• Abstract: Oman is often portrayed as an “oasis of peace” that is immune to dissent. In fact, this assertion is an oversimplification and this paper provides a more discerning analysis of the relationship between the regime and opposition actors – such as youth groups, industrial workers, and intellectuals – that have led contestations in the last decade. It overviews the Omani political context, highlights recent episodes of contestation, and examines how the regime successfully contained them. It argues that in the coming years, the regime is likely to face heightened discontent triggered by socioeconomic hardship and it will be essential for the authorities to open the political sphere and stop repressing free speech.
  • Topic: Civil Society, Social Movement, Arab Spring, Protests
  • Political Geography: Oman, Gulf Nations
  • Author: Alaa Tartir
  • Publication Date: 01-2020
  • Content Type: Working Paper
  • Institution: Arab Reform Initiative (ARI)
  • Abstract: The Palestinian political leadership’s obsession with the idea of statehood as a means to realise self-determination and freedom has proved to be detrimental to the struggle of decolonising Palestine. By prioritising “statehood under colonialism” instead of focusing on decolonising Palestine first and then engaging in state formation, the Palestinian leadership – under pressure from regional and international actors – disempowered the people and empowered security structures which ultimately serve the colonial condition.
  • Topic: State Formation, Colonialism, Decolonization, Repression
  • Political Geography: Middle East, Israel, Palestine
  • Author: Intissar Kherigi
  • Publication Date: 01-2020
  • Content Type: Working Paper
  • Institution: Arab Reform Initiative (ARI)
  • Abstract: An account of the Arab uprisings of the last decade would be incomplete without an understanding of regional inequalities. While each country’s protests were driven by a distinct combination of grievances, a common factor has been the marginalisation of “peripheries”. The Sidi Bouzid region of Tunisia from which the Arab Spring started is a region rich in agricultural resources yet poor in infrastructure and economic opportunities. Its connection rate to running water is half the national average. A similar story can be seen across the flashpoints of unrest in the Arab world, a story of widening urban-rural divides, uneven regional development and political and economic exclusion of entire regions. Can decentralisation address these grievances? Since the 1980s, decentralisation has been championed as a driver for both democratisation and development, promising to empower regions, granting them political representation and enabling them to create their own economic strategies. However, a key fear among many, from politicians and bureaucrats to ordinary citizens, is that decentralisation is a means for the central state to withdraw from its traditional functions and transfer responsibility for service provision to under-resourced and over-burdened local government. Yet, the demands for freedom, dignity and social justice voiced by the Arab uprisings require the central state to be more present in peripheries, not less. Can decentralisation help achieve greater local development in peripheral regions without allowing the central state to withdraw from its obligations to citizens? Is it even possible to envisage new forms of local development within the framework of highly centralised Arab states? How can Arab states reconfigure their relations with local communities in the context of severe political and economic crises? This article explores these questions in the Tunisian context, where a major decentralisation process is taking place in response to demands for inclusion and development. It argues that in order to produce new modes of local development in peripheries, central state institutions need to fundamentally reform the way they function.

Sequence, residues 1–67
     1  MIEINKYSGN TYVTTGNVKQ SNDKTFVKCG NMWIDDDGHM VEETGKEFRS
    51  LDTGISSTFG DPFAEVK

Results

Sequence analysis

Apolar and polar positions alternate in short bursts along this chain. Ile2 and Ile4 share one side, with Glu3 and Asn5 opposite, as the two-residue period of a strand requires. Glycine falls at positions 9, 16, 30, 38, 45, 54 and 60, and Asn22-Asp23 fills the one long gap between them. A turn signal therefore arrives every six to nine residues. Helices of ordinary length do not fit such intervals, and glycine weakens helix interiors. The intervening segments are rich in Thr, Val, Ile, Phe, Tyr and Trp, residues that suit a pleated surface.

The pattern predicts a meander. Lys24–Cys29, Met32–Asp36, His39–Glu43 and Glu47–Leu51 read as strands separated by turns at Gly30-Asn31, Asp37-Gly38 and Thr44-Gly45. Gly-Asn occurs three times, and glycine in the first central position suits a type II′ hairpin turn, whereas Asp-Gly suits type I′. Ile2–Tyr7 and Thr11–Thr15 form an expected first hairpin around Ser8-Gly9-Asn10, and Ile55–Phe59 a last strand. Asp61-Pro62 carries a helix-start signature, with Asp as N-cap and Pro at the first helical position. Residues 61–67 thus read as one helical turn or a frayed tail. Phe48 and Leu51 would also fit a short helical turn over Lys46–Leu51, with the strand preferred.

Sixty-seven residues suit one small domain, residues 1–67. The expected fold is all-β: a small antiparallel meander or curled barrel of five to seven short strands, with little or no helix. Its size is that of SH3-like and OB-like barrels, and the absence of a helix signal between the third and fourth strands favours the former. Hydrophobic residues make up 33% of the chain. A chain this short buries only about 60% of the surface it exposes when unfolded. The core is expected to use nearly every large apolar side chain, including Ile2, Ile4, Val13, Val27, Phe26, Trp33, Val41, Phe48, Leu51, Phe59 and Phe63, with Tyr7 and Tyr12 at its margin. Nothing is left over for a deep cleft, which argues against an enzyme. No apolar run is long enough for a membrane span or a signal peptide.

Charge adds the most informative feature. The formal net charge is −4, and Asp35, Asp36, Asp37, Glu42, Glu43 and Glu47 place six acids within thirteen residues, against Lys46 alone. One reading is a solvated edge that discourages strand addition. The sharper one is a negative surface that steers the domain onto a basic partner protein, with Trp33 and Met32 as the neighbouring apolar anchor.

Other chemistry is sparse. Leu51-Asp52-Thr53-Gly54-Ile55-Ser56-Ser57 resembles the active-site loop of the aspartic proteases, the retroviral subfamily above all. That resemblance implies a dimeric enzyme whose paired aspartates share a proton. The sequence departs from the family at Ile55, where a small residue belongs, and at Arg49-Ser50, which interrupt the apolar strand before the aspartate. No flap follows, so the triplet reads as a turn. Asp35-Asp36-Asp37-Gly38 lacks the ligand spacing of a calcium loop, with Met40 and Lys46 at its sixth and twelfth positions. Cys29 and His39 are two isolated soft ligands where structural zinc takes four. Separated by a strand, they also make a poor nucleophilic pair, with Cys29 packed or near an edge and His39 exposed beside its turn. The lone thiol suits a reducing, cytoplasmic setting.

• Topic: Inequality, Arab Spring, Decentralization , Bureaucracy
  • Political Geography: Africa, North Africa, Tunisia, Tunis
  • Author: Dina Wahba
  • Publication Date: 01-2020
  • Content Type: Research Paper
  • Institution: Arab Reform Initiative (ARI)